Beneath the trees that line the park’s entrance, festivalgoers browsed through a rich display of Native American artwork; handcrafted weapons and tools; dream catchers and medicine wheels; leather goods; beaded, silver and turquoise jewelry; colorful primitive toys; and more.
On benches circled around the lawn between the park’s picnic area and the reconstructed Fort Watauga, they sat in the shade and watched as members of Eastern Band of Cherokee shared some of the history of their music, dance and cultural traditions.
For those who worked up an appetite, there was Native American frybread topped with multiple varieties of festival flavor — pizza, tacos, nachos, hot dogs, burgers and more.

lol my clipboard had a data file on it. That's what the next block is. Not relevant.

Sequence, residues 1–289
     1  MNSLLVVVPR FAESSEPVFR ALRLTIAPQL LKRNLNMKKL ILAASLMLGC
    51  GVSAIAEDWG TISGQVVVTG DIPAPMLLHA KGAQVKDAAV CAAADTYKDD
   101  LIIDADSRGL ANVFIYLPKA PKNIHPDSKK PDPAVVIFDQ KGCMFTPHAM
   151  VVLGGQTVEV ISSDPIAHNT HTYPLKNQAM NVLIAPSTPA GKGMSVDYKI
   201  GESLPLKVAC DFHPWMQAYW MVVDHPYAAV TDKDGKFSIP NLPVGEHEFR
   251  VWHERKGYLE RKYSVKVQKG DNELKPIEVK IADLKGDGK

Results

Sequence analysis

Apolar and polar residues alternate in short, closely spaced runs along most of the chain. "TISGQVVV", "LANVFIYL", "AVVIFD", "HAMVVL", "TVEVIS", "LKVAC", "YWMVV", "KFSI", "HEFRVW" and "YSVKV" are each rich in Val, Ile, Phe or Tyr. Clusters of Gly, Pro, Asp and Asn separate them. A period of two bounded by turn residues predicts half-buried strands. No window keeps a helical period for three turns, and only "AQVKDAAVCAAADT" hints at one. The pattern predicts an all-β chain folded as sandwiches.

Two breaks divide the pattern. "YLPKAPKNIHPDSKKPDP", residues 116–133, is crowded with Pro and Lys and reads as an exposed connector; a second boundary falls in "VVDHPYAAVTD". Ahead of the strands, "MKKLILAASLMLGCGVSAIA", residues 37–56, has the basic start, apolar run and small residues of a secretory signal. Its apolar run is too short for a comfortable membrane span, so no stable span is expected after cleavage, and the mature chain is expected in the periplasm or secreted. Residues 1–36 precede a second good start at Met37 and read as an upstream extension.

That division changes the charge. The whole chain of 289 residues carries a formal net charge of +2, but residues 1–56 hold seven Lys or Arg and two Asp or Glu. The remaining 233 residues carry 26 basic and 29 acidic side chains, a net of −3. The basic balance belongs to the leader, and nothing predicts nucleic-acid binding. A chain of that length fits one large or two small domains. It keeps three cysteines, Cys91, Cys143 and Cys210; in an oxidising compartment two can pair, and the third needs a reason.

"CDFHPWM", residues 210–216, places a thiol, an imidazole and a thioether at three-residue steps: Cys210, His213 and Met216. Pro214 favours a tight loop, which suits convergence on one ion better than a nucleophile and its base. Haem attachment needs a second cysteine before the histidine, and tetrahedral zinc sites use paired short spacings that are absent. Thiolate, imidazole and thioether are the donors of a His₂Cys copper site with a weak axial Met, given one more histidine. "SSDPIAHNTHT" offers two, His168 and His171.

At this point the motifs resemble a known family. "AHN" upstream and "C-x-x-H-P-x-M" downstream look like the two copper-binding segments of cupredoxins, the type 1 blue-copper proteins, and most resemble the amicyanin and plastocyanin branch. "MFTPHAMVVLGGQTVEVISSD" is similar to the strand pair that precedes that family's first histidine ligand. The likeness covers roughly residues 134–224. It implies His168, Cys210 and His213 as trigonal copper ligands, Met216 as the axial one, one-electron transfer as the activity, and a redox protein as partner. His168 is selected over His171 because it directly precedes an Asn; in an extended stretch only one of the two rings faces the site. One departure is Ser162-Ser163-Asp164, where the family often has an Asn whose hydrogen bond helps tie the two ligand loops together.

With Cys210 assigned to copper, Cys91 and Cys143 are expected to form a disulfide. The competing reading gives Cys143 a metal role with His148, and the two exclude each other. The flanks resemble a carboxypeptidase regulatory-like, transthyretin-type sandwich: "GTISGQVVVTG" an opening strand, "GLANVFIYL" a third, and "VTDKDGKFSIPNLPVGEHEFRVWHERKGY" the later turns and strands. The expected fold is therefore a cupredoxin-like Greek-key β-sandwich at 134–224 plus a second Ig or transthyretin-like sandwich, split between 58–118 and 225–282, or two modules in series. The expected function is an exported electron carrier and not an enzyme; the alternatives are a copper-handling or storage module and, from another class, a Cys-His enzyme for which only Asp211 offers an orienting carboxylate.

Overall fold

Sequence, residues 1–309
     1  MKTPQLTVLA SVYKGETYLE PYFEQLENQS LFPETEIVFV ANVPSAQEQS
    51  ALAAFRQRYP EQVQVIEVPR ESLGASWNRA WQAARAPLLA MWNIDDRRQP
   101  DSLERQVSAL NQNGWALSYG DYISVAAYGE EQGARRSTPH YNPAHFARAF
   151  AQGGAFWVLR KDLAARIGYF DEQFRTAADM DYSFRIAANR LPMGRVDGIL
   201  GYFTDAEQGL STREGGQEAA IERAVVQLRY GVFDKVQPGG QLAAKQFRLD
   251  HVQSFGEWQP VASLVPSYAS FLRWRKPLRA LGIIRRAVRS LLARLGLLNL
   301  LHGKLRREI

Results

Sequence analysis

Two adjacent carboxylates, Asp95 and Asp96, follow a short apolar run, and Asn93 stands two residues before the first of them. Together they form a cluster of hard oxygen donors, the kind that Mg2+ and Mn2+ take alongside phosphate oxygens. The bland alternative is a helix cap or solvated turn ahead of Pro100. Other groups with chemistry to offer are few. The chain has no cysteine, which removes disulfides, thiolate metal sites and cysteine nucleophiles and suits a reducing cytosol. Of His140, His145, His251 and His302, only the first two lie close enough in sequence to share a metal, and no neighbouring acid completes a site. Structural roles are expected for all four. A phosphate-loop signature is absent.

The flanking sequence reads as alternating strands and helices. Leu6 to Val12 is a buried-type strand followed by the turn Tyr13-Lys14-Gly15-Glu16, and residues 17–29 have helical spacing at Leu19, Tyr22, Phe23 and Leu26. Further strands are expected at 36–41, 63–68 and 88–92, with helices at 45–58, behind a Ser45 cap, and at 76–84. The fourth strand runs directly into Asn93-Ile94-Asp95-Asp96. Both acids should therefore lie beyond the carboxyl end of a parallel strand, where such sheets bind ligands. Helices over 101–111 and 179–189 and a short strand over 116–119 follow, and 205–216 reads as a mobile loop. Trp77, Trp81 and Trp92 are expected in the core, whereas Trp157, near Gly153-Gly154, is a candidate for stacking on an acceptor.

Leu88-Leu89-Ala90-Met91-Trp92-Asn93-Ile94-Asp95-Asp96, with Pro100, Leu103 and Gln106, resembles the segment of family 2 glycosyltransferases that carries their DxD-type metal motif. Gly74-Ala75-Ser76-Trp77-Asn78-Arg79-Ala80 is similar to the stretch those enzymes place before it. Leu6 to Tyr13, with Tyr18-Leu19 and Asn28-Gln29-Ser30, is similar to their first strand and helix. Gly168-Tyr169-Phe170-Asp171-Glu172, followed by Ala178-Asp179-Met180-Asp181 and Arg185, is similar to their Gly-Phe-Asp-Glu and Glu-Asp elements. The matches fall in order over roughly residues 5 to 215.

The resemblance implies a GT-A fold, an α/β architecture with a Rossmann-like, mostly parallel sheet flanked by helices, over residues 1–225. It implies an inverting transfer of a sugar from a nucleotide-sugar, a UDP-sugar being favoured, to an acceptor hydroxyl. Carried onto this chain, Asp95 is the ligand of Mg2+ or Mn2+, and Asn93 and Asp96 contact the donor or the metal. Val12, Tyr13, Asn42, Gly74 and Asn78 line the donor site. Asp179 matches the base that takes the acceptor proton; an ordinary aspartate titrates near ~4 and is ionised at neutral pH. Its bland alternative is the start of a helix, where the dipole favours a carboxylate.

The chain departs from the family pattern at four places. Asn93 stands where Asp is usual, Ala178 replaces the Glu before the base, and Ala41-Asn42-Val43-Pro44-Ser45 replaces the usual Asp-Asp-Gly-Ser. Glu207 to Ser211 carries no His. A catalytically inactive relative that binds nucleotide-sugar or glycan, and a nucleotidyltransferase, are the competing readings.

And for dessert, there was frybread loaded with fresh sliced strawberries, drizzled with chocolate and sprinkled with powdered sugar - all “made with love” and all under the supervision of Eastern Band of Cherokee food vendor Nikki Crisp, owner and operator of NIkki’s Frybread.
The festival will continue Sunday from 10 a.m.-6 p.m. with the following schedule of events:
• 10 a.m., Native American arts and crafts demonstrators and shopping.
• 11:30, Cherokee Language Workshop with Freeman Owle.
• Noon, Cherokee dance and drum demonstrations with the Mossy Creek Drum Group and blowgun demonstration by Dale Cloer.
• 2 p.m., Native American flute demonstration with Daniel Bigay.
• 2:30, “The Role of Women within Cherokee Culture during the 18th Century,” a presentation by Jackie Fischer.
• 3, “Are you Smarter than a park ranger?” presented by Mark and Sherry Finchum.
• 3:30, Cherokee storytelling with Freeman Owle.